Traits, r

Greg McCarroll greg at
Sun Feb 10 16:30:33 GMT 2008

On Fri, Feb 08, 2008 at 11:11:55AM -0800, John Costello wrote:
> On Fri, 8 Feb 2008, Greg McCarroll wrote:
> > On Fri, Feb 08, 2008 at 12:28:21PM +0000, David Cantrell wrote:
> > > 
> > > Pronouncing it as "is a" works well when you're explaining OO to
> > > newbies in terms of how physical objects 
> > 
> > This is why everyone should learn OO via MUD programming, sure it'll
> I sort of agree, since my first exposure to OO was through MUD programming 
> (LPC).  It's fairly simple, even if it does teach bad C habits. 
> chess pieces as examples, going on similar lines to MUD programming.  

The one that I always liked was the Container class. Everything inherited
from it,

	Thing		What it carried typically

	Monster		Treasure
	Player		His inventory
	Player		His rucksack
	Rucksack	More inventory
	Room		Players
	Wand		Spell Charges
	World		Rooms (IIRC, if you destroyed a container you were in
			you moved up to its holding container)

But it wasn't the above that really helped me think about OO in new ways, it
was the combination of the imaginative/inventiveness of roleplaying games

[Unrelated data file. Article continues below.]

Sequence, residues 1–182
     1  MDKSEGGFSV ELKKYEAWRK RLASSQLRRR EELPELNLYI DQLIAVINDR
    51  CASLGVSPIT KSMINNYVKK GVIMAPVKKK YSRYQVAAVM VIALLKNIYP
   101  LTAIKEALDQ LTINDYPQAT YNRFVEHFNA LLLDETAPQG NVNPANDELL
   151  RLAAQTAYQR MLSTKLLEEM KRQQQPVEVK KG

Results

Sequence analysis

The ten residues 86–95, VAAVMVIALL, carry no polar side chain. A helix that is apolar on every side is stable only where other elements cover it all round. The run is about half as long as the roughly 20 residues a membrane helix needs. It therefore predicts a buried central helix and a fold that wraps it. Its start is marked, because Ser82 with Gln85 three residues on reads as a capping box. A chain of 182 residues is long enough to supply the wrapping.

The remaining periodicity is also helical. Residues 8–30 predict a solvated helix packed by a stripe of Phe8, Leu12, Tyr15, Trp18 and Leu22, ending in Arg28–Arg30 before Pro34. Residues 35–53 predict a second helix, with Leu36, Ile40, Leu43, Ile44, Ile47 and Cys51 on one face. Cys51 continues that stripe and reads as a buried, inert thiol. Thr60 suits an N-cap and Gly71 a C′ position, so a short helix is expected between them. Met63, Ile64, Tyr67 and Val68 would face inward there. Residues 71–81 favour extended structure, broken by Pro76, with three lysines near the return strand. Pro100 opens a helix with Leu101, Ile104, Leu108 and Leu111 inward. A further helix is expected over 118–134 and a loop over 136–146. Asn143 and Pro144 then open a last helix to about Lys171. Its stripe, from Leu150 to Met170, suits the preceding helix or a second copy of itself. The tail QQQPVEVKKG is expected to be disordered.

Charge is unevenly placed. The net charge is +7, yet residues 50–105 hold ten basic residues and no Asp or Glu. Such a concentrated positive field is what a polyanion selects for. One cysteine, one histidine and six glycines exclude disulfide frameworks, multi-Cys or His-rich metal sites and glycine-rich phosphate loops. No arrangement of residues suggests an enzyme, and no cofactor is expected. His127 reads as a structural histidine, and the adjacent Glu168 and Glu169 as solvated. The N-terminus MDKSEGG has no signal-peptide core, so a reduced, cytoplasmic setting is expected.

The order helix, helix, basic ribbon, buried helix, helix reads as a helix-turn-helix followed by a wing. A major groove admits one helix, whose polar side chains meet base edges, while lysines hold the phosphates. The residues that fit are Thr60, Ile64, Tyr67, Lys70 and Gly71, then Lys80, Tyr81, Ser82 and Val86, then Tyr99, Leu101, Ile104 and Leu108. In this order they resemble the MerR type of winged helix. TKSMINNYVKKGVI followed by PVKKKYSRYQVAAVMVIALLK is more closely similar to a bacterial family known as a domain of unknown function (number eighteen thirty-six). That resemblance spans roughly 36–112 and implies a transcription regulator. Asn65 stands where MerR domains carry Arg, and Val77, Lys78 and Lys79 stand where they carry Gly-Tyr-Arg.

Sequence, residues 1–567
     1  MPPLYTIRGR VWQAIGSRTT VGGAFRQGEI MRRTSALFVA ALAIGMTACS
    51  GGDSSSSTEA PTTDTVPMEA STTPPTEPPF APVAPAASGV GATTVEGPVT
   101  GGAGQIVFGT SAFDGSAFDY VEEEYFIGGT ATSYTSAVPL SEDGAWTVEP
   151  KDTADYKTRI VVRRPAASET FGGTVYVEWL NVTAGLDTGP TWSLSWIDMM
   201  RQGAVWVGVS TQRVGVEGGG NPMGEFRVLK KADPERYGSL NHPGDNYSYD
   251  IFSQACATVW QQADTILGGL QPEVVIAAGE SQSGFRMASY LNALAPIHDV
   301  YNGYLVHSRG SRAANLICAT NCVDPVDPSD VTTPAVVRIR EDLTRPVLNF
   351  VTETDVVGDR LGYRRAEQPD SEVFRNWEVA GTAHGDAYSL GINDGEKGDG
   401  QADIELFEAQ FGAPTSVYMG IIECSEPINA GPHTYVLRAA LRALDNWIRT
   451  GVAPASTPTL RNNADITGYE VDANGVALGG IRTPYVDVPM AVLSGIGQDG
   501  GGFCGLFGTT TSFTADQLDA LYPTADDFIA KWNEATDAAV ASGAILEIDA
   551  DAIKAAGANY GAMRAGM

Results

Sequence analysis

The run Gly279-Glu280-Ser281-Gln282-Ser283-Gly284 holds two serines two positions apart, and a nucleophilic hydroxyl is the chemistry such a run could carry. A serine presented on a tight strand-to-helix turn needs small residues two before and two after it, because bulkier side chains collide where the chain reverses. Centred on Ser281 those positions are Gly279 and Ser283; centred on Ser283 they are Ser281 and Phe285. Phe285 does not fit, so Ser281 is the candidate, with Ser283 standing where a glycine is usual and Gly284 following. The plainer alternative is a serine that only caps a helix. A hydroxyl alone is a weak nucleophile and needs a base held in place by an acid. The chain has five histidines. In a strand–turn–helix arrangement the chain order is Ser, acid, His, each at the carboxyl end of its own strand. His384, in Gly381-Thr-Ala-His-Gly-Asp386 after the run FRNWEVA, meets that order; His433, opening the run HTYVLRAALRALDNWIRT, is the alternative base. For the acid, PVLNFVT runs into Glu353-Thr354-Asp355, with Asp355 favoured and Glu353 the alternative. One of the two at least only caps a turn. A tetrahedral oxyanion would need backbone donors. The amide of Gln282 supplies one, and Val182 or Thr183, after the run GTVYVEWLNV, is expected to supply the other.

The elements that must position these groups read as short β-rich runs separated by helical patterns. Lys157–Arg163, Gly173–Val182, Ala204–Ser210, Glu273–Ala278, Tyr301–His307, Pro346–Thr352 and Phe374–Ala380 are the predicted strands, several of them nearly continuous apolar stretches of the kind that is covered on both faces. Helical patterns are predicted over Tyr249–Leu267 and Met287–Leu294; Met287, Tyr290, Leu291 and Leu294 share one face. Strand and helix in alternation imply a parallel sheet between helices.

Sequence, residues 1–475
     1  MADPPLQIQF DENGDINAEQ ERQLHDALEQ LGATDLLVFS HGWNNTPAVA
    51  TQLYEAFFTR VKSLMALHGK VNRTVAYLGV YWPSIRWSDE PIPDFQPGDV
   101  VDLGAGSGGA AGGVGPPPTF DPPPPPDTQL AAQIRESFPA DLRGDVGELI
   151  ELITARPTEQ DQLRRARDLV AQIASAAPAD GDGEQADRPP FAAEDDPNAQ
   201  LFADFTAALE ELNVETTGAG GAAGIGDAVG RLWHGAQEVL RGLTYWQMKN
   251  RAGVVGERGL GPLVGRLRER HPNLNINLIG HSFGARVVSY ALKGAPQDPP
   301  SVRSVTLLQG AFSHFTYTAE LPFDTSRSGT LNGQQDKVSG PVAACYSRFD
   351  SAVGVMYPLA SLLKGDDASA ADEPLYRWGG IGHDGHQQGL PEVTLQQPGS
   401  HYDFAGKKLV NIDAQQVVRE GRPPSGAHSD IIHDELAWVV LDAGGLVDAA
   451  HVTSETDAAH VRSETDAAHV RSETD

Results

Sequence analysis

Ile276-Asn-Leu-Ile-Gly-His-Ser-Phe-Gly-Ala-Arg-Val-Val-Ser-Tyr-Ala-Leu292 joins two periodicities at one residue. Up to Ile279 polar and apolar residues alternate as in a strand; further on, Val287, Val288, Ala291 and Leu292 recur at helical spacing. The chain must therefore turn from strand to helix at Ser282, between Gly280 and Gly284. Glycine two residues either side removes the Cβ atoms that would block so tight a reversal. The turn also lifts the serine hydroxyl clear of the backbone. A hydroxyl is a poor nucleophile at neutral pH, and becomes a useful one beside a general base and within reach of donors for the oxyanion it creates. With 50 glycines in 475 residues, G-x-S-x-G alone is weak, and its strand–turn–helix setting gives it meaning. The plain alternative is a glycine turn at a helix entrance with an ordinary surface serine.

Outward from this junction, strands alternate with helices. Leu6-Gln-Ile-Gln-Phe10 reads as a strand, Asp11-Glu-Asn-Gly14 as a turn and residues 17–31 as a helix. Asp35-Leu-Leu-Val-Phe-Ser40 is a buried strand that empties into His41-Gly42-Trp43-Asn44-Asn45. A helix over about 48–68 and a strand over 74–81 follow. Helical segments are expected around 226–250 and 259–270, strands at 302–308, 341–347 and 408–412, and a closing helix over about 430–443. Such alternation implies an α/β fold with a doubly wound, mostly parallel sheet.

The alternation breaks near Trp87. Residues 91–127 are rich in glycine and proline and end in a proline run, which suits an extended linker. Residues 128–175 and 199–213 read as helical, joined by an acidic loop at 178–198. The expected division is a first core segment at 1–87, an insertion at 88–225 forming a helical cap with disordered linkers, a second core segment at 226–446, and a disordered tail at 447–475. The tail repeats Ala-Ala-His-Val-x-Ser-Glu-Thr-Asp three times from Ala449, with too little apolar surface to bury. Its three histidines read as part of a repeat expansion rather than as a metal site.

which are really what MUDs are (sort of) combined with it. At a certain point
(sorry this is getting D&Dish) you take an idea like a 'bag of holding'[1] and you
can realise you can add a function to it that allows entry into it and also in code
give it the Room inheritance. So you have something like

	Greg> open bag (Container::Bag code)
	Greg> go bag (Custom Bag of H. code based on Room code)
	Other players see: Greg exits bag.
                         : The bag drops to the ground.
And it's at this stage in a typical MUD the other players in the room would take
the bag and close it leaving Greg in a room container trapped:-).

The thing was I don't think there was anything particularly special here, but I
just think it was a quality of teaching/learning which because I was 
using my imagination, I just got the OO concept really well and can still hopefully
see the more boring classes like reports, accounts, warehouses, etc. more

I'm afraid this is one of those posts that people who like formal learning will
hate and those that like play learning will maybe love.


[1] a magic item in D&D games where the bag leads onto a miniature dimension so
you can store huge amounts of things in it.

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